Here’s a question I’m struggling with lately: Is everywhere really worthy of our tourism?
That question preoccupied me this weekend after reading about Marte Deborah Dalelv’s ordeal in Dubai. The short account of her tragedy is that the Norwegian expat was sentenced to sixteen months in prison for the crime of being raped. Officially Ms. Dalelv was charged with “having sexual relations outside of marriage.” That she never consented to those sexual relations is of small consequence.
In a show of evenhandedness the state did levy similar charges against the perpetrator. His lesser thirteen month prison sentence, however, leaves little doubt about where Dubai’s criminal justice system places primary blame for sexual assault; squarely on the victim, or more precisely, on the woman.
This isn’t necessarily unique to Dubai or the Middle East. In India, for example, a man was sentenced earlier this year to 5 whacks with a shoe for raping his niece. It’s hard not to think that such permissiveness played a role in the country’s recent rash of high-profile gang rapes. Or that the ensuing international backlash and fears about its impact on tourism didn’t encourage a much different legal outcome in that instance.
And fears of dwindling tourism were justified. The question we heard most often on travel message boards following these events was whether it is safe to travel there. Our question is whether we really want to.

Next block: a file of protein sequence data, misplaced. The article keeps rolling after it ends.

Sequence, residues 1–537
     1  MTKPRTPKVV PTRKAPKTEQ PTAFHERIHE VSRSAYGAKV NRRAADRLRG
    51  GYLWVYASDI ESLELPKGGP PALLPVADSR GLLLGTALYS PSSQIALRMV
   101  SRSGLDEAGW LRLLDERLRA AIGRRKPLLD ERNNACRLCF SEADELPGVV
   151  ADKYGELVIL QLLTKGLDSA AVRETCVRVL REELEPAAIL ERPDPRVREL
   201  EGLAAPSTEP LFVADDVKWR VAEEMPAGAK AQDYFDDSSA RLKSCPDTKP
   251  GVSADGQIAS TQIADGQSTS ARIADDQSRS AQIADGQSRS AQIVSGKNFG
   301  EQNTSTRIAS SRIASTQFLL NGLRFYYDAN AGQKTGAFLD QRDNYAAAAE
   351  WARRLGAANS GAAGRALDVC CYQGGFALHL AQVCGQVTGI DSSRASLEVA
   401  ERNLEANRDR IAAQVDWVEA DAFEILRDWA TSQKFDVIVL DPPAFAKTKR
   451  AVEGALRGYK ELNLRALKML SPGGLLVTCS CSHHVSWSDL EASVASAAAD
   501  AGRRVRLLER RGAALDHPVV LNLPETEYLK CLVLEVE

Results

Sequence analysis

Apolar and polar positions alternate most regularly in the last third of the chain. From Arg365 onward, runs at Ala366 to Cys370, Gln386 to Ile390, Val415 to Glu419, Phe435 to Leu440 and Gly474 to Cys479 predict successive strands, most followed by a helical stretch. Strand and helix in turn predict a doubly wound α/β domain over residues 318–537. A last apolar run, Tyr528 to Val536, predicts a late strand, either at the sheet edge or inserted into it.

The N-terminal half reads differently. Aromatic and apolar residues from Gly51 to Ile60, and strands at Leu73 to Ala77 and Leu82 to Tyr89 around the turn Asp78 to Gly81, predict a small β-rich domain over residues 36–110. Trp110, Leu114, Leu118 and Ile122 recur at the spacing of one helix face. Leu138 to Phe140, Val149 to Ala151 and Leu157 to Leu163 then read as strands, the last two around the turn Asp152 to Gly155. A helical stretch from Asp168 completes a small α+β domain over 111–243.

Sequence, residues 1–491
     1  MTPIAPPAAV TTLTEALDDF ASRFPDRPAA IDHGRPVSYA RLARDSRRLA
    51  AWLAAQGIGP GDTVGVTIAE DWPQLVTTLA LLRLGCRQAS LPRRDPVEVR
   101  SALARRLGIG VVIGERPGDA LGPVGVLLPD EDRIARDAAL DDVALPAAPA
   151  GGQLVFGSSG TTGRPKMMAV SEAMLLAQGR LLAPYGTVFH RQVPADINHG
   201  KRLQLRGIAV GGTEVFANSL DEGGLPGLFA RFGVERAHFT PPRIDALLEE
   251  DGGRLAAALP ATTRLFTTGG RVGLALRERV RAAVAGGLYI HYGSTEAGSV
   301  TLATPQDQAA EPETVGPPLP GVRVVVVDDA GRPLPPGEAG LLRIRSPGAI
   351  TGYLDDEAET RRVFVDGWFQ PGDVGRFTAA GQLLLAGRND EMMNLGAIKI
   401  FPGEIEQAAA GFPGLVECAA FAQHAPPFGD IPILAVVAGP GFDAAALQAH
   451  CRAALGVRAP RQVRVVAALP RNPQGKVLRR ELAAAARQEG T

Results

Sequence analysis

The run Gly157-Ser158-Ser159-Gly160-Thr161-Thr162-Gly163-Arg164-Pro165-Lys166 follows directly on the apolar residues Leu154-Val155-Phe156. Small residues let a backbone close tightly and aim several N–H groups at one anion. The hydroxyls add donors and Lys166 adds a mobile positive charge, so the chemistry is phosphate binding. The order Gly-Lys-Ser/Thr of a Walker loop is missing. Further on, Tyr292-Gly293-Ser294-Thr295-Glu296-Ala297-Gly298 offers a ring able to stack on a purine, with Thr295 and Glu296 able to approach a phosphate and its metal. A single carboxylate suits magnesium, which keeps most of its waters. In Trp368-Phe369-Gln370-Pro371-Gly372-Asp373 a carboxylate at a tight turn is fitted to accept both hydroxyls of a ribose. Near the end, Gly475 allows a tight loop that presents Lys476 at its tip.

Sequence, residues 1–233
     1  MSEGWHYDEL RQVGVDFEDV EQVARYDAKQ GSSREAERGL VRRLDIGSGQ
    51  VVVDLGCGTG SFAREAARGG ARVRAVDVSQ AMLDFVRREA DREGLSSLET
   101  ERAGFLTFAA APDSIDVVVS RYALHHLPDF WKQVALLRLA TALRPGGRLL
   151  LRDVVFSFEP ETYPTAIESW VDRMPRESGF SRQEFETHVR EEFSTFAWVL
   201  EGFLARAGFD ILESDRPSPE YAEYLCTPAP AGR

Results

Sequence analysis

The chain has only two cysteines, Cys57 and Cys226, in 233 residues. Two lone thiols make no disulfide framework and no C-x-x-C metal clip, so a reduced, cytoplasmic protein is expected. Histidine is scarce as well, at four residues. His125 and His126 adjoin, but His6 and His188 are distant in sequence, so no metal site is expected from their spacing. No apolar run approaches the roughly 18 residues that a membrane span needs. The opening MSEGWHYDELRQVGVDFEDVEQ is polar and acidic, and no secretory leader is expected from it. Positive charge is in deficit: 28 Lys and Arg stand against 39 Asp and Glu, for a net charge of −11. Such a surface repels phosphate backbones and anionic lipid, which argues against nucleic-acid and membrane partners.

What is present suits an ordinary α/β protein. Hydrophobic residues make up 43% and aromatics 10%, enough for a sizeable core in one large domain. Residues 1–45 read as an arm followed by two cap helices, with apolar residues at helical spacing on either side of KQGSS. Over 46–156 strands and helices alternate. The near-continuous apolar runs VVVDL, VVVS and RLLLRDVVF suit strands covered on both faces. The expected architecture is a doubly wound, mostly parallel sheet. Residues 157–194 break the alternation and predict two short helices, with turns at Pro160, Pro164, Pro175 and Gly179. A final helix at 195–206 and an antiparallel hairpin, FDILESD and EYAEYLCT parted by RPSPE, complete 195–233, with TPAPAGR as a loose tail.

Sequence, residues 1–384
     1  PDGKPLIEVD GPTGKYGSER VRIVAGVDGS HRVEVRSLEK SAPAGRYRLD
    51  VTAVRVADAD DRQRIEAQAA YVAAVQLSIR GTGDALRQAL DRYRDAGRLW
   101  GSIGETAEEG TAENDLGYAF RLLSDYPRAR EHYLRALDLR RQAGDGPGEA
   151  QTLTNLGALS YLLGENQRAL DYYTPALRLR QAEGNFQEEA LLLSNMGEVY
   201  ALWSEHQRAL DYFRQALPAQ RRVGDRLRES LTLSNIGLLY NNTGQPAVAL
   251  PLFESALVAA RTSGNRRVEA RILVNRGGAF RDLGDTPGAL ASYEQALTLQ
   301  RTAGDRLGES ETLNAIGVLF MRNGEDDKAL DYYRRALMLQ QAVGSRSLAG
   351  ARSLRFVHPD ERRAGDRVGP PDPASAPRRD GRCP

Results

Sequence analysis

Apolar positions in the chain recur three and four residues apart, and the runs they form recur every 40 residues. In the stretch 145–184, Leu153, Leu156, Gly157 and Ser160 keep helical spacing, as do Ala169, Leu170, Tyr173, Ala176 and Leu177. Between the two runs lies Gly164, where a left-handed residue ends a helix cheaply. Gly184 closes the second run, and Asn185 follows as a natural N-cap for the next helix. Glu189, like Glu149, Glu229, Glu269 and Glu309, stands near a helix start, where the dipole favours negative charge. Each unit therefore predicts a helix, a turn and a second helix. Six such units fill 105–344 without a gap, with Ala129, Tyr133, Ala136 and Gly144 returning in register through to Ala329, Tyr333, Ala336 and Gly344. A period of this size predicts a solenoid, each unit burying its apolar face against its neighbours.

One of the reasons we travel is to experience new cultures. To meet people whose world view is different from our own. But what happens when you find elements of a culture abhorrent? Do we look the other way and pretend customs of oppression and discrimination don’t exist? Excuse them because that’s the way it has been for thousands of years? Do we close our eyes and travel there anyway? Or should we withhold our tourism dollars in protest?
Increasingly we’re thinking along the lines of protest.
We know the issues are more complex than a single news report can illuminate. For its part, Dubai has made strides toward liberalization and leads its region in advancing religious, ethnic, and women’s rights. We should encourage such progress. But Ms. Dalelv’s story isn’t a new one, which just goes to show how far Dubai, the United Arab Emirates, and the wider region still have to go.
One way to encourage positive change is to link our commerce to it. If places like Dubai want our tourism dollars they need to offer us more than just the world’s tallest building. They also need to assure us that we’re not supporting a country that condones systematic oppression.
Update: This morning the ruler of Dubai, bending to international outrage, pardoned Marte Deborah Dalelv. Welcome news. But what of other women who don’t receive Ms. Dalelv’s media attention?